Becoming an RN: Where Can I Go?

Registered nurses (RNs) have a variety of roles in the health care industry. Their roles are ever-changing and evolving. Registered nurses are the face of patient care.

When the public envisions RNs in the workforce, the stereotypical RN is working in a hospital, at the patient’s bedside. They are administering medications, inserting IVs, pushing wheelchairs, taking care of hygiene needs, performing cardiopulmonary resuscitation (CPR), and transporting patients to various diagnostic exams. The RN at the bedside is so much more than that; they are the advocate between the patient and the doctor, the patient’s voice when they cannot speak for themselves.

However, the RN in the workforce can work in various locations besides the hospital. The nurse often works in home care; these RNs take care of patients who are well enough to be outside of the hospital, but not well enough to care for themselves. They may need assistance with hygiene needs, drawing lab work, or administering medications. The home care RN may also provide hospice care to the patient who is terminally ill – these nurses care not only for the patient, but for the family as well.

The RN also works in various clinics, from family practice, to oncology, to wound care. He or she may also work from home as a telephonic triage nurse, fielding calls from worried mothers or elderly people with chronic diseases. They may even work as an instructor to future nurses.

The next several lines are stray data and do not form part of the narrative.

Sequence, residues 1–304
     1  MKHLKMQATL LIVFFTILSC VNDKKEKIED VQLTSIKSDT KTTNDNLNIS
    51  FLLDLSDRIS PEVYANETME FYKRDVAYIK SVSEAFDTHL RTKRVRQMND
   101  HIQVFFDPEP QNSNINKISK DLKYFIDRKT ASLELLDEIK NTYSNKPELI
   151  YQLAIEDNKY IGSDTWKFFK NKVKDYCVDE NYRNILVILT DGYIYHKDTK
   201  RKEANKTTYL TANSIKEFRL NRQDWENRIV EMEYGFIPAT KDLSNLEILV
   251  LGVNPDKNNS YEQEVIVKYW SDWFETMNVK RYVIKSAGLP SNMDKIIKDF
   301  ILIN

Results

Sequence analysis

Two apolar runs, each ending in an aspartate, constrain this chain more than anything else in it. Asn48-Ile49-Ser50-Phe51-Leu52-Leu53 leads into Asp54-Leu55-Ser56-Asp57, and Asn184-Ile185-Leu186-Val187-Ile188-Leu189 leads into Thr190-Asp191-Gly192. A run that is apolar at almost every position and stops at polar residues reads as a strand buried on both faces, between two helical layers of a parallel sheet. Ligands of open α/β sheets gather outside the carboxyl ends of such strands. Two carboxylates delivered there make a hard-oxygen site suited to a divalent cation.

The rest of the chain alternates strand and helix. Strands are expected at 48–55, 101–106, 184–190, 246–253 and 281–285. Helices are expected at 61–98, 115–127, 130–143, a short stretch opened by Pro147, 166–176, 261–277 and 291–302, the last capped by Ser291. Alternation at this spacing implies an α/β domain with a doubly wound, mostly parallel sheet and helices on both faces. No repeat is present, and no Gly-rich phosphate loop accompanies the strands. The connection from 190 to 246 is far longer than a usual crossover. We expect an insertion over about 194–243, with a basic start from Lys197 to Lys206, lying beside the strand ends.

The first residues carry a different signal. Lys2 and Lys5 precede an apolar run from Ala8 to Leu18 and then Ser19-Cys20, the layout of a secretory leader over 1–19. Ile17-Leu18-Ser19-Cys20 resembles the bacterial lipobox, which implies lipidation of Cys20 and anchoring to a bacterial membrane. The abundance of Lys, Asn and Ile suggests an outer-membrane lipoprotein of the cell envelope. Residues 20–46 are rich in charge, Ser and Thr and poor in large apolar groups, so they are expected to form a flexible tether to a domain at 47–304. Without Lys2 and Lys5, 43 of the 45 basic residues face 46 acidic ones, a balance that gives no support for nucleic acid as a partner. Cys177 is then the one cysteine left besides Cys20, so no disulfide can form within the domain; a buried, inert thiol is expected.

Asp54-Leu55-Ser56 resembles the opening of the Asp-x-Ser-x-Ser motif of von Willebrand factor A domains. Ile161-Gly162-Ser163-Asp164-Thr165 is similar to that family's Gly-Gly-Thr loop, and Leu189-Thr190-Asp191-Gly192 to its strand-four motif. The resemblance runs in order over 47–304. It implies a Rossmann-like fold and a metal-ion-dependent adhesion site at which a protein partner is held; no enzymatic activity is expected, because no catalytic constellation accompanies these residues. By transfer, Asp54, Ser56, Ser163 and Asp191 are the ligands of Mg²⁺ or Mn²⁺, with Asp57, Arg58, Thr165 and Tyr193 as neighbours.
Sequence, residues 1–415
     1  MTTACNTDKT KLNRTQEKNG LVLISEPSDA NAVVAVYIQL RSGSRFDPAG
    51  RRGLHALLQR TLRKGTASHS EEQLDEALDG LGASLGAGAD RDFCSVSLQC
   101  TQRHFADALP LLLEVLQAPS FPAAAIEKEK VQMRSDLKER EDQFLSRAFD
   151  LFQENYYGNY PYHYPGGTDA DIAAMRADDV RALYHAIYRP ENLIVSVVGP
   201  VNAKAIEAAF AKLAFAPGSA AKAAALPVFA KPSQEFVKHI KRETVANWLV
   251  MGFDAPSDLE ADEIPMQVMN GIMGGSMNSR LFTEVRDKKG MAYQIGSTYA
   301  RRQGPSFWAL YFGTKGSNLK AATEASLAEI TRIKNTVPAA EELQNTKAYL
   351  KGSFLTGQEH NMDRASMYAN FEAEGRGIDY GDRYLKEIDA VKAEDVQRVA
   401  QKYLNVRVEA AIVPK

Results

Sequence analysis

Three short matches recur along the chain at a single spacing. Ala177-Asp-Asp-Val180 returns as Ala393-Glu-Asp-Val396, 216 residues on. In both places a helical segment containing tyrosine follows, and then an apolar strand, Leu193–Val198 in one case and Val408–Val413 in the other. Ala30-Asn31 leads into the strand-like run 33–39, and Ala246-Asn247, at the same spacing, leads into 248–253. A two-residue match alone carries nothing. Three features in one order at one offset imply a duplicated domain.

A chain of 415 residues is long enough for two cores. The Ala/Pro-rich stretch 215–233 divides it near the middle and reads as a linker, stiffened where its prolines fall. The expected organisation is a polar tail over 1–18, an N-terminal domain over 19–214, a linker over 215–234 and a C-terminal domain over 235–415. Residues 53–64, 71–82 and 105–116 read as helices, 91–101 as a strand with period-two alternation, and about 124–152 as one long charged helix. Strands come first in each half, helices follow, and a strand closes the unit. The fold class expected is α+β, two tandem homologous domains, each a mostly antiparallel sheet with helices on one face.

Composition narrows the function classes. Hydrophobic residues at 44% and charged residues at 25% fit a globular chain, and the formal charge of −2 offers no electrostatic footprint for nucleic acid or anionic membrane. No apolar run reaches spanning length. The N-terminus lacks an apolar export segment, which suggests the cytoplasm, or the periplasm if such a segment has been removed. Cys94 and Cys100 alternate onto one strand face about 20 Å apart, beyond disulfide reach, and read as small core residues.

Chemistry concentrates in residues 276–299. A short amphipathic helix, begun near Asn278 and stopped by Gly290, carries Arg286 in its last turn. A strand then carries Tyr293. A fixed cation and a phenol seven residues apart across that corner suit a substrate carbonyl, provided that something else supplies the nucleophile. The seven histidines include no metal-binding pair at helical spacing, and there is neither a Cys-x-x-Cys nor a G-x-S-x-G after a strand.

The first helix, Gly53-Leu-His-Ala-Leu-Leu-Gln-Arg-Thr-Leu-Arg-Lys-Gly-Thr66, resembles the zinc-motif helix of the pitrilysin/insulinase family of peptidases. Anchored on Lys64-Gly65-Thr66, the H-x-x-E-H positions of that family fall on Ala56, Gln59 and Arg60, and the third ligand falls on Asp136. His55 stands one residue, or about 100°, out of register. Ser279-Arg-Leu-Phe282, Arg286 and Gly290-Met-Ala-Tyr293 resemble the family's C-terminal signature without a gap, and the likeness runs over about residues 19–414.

An RN must work hard to keep up their licensure. Continuing education is required biannually; the amount of credits required is dependent on the state of residence. In addition, nurses often obtain credentials. For example, a nurse may become credentialed in their field of practice. A nurse working in home care can obtain home health nursing certification. A nurse working in case management may obtain nursing case management certification. A nursing manager may obtain a nurse executive certification. Obtaining credentials is a sign of respect in the nursing field and signifies that the nurse is passionate about the field they are employed.

Becoming an RN in the changing and sometimes scary field of healthcare involves direct patient care. It does not always mean nursing at the bedside, but it does mean caring extensively for the patient.